Referencing the Moontracks table, we find that Ms. Luna entered the sign of Scorpio on Tuesday (9th) at 05:00. She will begin exiting Scorpio — thus becoming VoC — at her time of technical fullness: Wednesday at 21:42, remaining void until the next day when she enters the next sign, Sagittarius, at 16:59. (All times here are UTC~Coordinated Universal Time.)

Scorpio Full Moon

Dana~  

Mooncircles

   When new friend Diana saw EarthMoonandStars, she said “You’ve got to check out Dana’s website. She’s a professional astrologer whose passion is the moon!” Did someone say “moon”?! I have two reactions when I discover something wonderful that I’ve been looking for: “Wow! How lucky I am!” and “Where have you been hiding?” Well, Dana has been far from hiding – see her mini bio below with a link to her full bio. I guess everything shows up just when it needs to . . .

   Dana Gerhardt is an internationally respected astrologer and a popular columnist with The Mountain Astrologer since 1991. Her ongoing passions are the moon and living the intuitive life. You can read more about her at Dana’s bio. Her website, Mooncircles, is not just a blog by Dana – it is a professionally produced website where Dana features a number of astrologers writing on various approaches and aspects. You will definitely find something to capture your interest.

Mooncircles:
Scorpio Full Moon

   Rather than just one article, Dana’s website features a number of astrologers who offer a variety of viewpoints. Here are some brief teasers for her offerings at this full moon in Scorpio:

  Scorpio Full Moon: Hades Heart by April Elliott Kent
“I may not have exulted over a madman’s corpse, but I’ve been thrilled…”

  The Scorpio Moon: Thrill of Desire by Jessica Shepherd
“Here’s how I know when fear is a red light and when it’s green…”

  Moonlight Ecstasy: Full Moon Fertility Ritual by Dana Gerhardt
“When your hands feel enlivened, awake, or like they’re vibrating…”

  3-Minute Moon Ritual by Dana Gerhardt
“Imagine above you the round glowing disc of the moon, bathing you…”

 You can access all of the above — and more — on the home page of Mooncircles.

Full Moon in Scorpio

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Cristina ~  

Full Moon in Scorpio
“Nightbook”

   Until this past January this space featured Æterna, who hosted a website she called Aeternalight Astrology. Since then, she has dropped the Æterna alias and is now going by her real name — Cristina.

   Cristina is a professional astrologer based in Italy, who also runs her own, new website Zodiac Poetry — “Stars – Heart – Soul”, where her emphasis is on introspection and emotions and her love of words and art. You can read about her in depth on her About Me page.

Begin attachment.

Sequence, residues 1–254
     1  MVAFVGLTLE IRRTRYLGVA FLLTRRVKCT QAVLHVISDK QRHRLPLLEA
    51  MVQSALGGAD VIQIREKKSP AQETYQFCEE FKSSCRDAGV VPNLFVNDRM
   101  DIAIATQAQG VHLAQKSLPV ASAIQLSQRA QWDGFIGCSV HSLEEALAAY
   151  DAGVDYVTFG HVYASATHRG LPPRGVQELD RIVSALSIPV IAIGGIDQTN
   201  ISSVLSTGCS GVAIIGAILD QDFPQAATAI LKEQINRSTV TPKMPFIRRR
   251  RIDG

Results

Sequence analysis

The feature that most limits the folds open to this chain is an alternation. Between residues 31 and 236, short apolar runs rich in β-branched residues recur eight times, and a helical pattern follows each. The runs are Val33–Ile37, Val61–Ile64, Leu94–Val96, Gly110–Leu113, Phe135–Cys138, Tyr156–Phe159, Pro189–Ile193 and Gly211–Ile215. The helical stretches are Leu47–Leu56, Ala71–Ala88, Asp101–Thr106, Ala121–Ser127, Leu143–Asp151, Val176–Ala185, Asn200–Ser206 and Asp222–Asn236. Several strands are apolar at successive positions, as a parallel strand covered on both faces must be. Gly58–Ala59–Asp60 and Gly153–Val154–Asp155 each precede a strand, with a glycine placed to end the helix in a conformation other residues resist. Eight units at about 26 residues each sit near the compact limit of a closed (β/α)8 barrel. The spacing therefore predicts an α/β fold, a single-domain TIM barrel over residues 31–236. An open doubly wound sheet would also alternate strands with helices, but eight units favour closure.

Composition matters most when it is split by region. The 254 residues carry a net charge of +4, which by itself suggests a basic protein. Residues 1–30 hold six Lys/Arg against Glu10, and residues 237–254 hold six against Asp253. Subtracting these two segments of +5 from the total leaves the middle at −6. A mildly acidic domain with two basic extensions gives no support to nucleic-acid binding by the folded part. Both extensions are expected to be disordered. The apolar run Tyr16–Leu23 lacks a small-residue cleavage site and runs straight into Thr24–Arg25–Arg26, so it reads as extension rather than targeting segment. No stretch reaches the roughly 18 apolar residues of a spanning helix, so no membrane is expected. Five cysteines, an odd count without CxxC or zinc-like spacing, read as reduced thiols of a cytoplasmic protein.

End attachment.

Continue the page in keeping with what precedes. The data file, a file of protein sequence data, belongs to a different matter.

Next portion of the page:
For this full moon in Scorpio, Cristina tells us . . .

. . . this Full Moon in the most occult, secretive sign of the Zodiac is capable of shining a torch into the darkest pit, pushing unspoken feelings, hidden agendas and the overall subtext of our current reality, to the surface.

   Just wanted to throw you that teaser to entice you to take a look at Cristina’s full article: Full Moon in Scorpio – Nightbook. Because her style is both sensitive and pithy, I recommend that you set aside some quiet time to take it all in. 

Full Moon in Scorpio

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HUMOR

Calvin and Hobbes . . .

   . . . on forests and aliens:

   Apropos of this viewpoint, I recently attended a screening of “Racing Extinction“, a 2015 movie that was shown on Discovery Channel around the world. This is a very powerful movie. You can watch selected clips of it on YouTube. This Google search “racing extinction watch online” brings up many outlets where you can purchase, rent, or stream the entire movie, some advertising it for free. 

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FROM ME TO YOU

    Thank you, dear reader, for visiting EM&S this “moonth”. I hope you liked it.

   Here’s a little bit about me and what this blog is about. I’ve been fascinated with astronomy ever since I learned to read. I’m also interested in how objects in the heavens influence people. In this blog I collect facts and folklore (mostly from the Web) about our moon and other sky phenomena.

   If you especially liked something you saw here, or would like to see something in particular covered in a future issue, or you have something interesting about the Earth, Moon, or Stars you would like to share, please feel free to leave a comment. I’m always interested in how folks who stop by here are moved/influenced/affected by what they encounter here. And please don’t be shy about sharing this post with friends if you like it!

   Note that I have a separate post called ARCHIVES which contains a list of all the titles I’ve posted since the inception of this blog. The titles are clickable of course. Easier and more informative than just the dates that appear in the right-side Archives column. (I’m slowly learning more things I can make WordPress do. There’s a lot there!)

   Until the full moon in June,
here’s wishing you and me and all of us
a month of beauty and courage.

~ Moonlight to all!
Marty

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My Personal Take on Astrology

  Some folks have wondered why I have an astrology section in a blog that purports to be “science” oriented. I suppose I could cite ancient cultures in which astronomy and astrology were the domain of the same person. And that a broader way of understanding the aim of science is to expand knowledge (the word science being derived from the Latin word  scīre “to know”). My own sense is that while we humans live in a material world that runs by certain rules of physics, we each experience our lives in this world subjectively. It’s what makes us similar and at the same time unique.